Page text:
My other great love is the real opéra, le Palais Garnier (Garnier Opera House) in Paris. Built on the orders of Napoleon III and carried out by Baron Haussmann as part of the “great Parisian reconstruction”, the opera house is one of the greatest legacies of Napoleon’s reign. Unfortunately for Napoleon, his empire fell before he ever got to ride up in his carriage or had the chance to use his personally designed box seats.

Completed in 1875, the Garnier was the place to see and to be seen. The sweeping staircases were designed so that two finely dressed nineteenth century women could make their grandiose entrances in their grandiose gowns at the same time. Aside from the velvety red theatre, there is a grand foyer that resembles the hall of mirrors at Versailles and is often used by Hollywood when they can’t secure the real deal. If you are a fan of Gaston Leroux’s Phantom of the Opera this is the place for you; the opera house, rumors of haunting, and a vault lake, inspired his story. Marc Chagall’s vibrant ceiling playfully dancing around an 8-ton chandelier is one of my favorite bits of “decoration” is this wildly over-the-top French treasure.

Looking through my pictures this morning of my two beloved opéras, I came up with another theory of why the opera cake was created. I think the two actually resemble one another. Layer after luxurious layer. What do you think?


…if you are going to have l'Opéra, you've also got to have la symphonie…my latest yummy find...

…if you are going to have l’Opéra, you’ve also got to have la symphonie…my latest yummy find…


chef pâtissier: pastry chef

et enfin…and finally

gâteau opéra: opera cake


No. 10: Chagall

La Danse 1950-1952

La Danse 1950-1952

I am a huge fan of Marc Chagall.

I was lucky enough to see the Chagall exhibit at the Musée du Luxembourg in Paris at the end of summer, and it was stunning. I adore his vibrant palette and enthusiasm. Boy, could Chagall do color! As Picasso said, “When Matisse dies Chagall will be the only painter left who understands what color really is”. Je suis d’accord, brother.

Although Chagall was born in Belarus, the French considers him first a French artist, and then a Russian painter. While he did spend the majority of his life in France, much of his work reflects and was inspired by his memories and dreams of his homeland in Vitebsk. But, fortunately for all us admirers, many of his most famous works can still be found in France.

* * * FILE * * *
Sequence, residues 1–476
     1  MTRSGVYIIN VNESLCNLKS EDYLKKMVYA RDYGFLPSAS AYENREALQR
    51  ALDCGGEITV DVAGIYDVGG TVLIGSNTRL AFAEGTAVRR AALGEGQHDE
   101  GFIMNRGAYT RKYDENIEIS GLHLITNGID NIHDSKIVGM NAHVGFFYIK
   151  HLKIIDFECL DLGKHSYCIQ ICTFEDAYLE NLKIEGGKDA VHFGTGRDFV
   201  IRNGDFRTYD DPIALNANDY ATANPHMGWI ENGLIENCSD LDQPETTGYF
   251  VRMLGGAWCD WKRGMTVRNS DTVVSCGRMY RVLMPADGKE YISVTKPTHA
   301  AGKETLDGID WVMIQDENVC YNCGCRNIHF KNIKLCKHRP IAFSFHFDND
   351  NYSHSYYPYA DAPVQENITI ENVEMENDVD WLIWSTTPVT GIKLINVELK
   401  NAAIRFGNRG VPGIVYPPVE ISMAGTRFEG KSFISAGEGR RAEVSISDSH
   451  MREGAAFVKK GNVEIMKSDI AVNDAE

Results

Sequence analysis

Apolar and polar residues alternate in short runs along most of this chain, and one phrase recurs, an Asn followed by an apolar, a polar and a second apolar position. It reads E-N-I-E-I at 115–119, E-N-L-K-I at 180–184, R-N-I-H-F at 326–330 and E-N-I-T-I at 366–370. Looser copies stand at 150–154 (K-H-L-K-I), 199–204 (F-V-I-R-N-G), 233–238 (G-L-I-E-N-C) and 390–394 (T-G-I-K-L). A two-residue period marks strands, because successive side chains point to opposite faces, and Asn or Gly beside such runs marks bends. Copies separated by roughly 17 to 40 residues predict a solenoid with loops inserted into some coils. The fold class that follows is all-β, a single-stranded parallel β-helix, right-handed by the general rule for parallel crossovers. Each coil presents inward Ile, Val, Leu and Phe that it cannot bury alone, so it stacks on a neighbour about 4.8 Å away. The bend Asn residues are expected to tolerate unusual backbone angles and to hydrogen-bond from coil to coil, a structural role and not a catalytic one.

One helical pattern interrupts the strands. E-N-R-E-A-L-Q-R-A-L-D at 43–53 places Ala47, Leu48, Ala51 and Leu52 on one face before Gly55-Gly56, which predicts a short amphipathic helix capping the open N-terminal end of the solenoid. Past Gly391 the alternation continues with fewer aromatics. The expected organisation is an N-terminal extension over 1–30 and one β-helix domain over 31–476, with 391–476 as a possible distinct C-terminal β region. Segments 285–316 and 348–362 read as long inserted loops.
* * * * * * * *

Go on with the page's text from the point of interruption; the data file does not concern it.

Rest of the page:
Le Paysage Bleu, 1949

Le Paysage Bleu, 1949

The expos. A remarkable thing about living in Paris and France is the exceptional access to great works of art. At this exhibit, I fell in love with his fiddlers dancing on the roofs and his ghostly figures gliding through his magical sky, the green and yellow dancers and whimsical forms, the purple roosters and blue violins, the stuff that dreams are made of…his hopes, longings, and losses—a delightful and thought-provoking display of some of his major works.

A night at the symphony. The Palais Garnier, Paris’ famous opera house, is also the home to his famous, fanciful ceiling. Although there was a whole heap of debate and some very disgruntled Frenchies when he was first commissioned to paint it in 1963, it has become a much beloved part of any evening at the opera or ballet.

Palais Garnier, Paris

Palais Garnier, Paris

The windows. You may not know that a set of Chagall stain glassed windows is housed in Reims at the gothic Notre-Dame Cathedral. I was oh so pleasantly surprised to find them when touring Champagne country. Someday soon I hope to make it to Metz to visit Saint-Etienne Cathedral to see, as one French friend has told me the most “flamboyant” of all of Chagall’s windows.

Reims Cathedral

Reims Cathedral

The sets and costumes. On top of that, I just learned from my lovely daughter and dancer, Kitcat, that Chagall also designed and hand-painted the madly imaginative costumes and sets for the1942 production of Aleko, for the New York Ballet Theatre and did the same for New York’s Metropolitan Opera’s production of the Magic Flute, later in the 1960s. (Do I have to go to New York to see them? Does anyone know where they are housed?)



Clown costume, Aleko

Clown costume, Aleko

Most definitely on my radar this fall, is a trip to the Carrières de Lumières, via Marseilles, to see the “Monet, Renoir… Chagall: Journeys around the Mediterranean” expo…and, of course Nice is my Mecca. Someday I hope I’ll visit the Musée National Marc Chagall.


Je suis d’accord: I agree